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Why Grails logs package names in different ways

By 30 april 2016januari 30th, 2017No Comments

I just realized something that had me puzzled for some time.

For some reason, Grails logging for a specific component or class stopped or started ‘working’ at some point in time. I never got around to looking into it much, though the idea of not knowing why this happened was uncomfortable.

TLDR: Not all loggers are created equal


Grails’ implicit logger

This is actually (for Grails 2) an instance of a log4j logger with an Apache commons-logging api. You won’t really notice any of the API details because of the awesome GStrings that Groovy provides that allow for very flexible messages.

Grails promotes using its conventions and one of them is actually to use the default (no) package for standard artifacts (controllers, services, etc).

To clarify which artifacts are actually logging, the framework prefixes the logs with something that can be traced back to the specific source folder for the type of artifact.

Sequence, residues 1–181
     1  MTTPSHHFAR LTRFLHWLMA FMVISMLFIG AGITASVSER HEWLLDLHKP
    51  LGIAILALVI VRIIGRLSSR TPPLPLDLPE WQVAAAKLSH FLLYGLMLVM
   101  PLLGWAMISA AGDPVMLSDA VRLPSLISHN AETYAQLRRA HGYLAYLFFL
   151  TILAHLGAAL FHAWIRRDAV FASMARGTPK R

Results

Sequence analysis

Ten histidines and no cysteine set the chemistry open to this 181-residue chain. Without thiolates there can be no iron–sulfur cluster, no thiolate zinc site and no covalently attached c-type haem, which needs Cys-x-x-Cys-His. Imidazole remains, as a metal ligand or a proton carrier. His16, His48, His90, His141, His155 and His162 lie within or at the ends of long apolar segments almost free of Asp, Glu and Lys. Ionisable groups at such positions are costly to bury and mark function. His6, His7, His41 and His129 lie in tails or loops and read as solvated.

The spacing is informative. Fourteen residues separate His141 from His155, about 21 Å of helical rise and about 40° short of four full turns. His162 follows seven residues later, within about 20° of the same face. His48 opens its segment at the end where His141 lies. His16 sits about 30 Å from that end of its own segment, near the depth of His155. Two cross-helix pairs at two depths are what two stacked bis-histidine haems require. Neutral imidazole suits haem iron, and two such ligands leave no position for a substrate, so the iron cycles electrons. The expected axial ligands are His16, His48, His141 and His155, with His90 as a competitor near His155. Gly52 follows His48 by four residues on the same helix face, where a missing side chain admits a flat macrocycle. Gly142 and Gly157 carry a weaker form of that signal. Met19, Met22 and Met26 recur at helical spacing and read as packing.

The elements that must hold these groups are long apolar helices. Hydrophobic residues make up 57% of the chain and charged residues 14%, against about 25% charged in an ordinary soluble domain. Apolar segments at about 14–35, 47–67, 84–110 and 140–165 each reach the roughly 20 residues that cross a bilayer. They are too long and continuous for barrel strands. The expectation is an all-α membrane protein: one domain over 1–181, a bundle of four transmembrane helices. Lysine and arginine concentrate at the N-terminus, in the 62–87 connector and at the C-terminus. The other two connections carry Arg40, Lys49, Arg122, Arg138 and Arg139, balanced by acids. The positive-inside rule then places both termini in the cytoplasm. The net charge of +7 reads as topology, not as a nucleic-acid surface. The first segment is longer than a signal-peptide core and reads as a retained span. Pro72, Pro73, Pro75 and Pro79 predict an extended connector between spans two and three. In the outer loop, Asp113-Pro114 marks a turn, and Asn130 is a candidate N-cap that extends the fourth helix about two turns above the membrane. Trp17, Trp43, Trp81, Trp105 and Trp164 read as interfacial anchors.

So whenever the implicit Grails ‘log‘ instance is used, the package of that logger is prefixed with the ‘classpath type‘, say “” for example for a controller.


Groovy’s AST logger

However, when you put the @Slf4j annotation on that same controller, the logger still named “log” is replaced by a compiled version that is not in any way Grails aware. It is just a standard logger, using standard package naming, with actually an Slf4j api. The AST annotation makes sure that the groovy compiler will add the required logger at compile time (to the Abstract-Syntax-Tree).

The package is then not prefixed in to the logs. This tiny code change, the addition of a seemingly harmless annotation, can lead to needing to change configuration (ie: changing packages in the log4j closure in the Config.groovy).

So in short, when using the AST logger, the log4j config setting TRACE becomes TRACE com.crv.MyController


Not all loggers are created equal

There are multiple ways in which logger can be created. They will have subtle differences and at some point you may need to care about this.

Did you know:

  • when using GStrings, switching between commons logging and slf4j is hardly noticable?
  • that for the AST, the name of the log instance can be customized using the annotation value?
  • you may run in to trouble calling a log instance inside a closure (hint: ‘delegate first’)?
  • if you have more than one commons-logging (jcl) implementation on your classpath, thing can get tricky?
  • Grails 3 actually uses logback by default?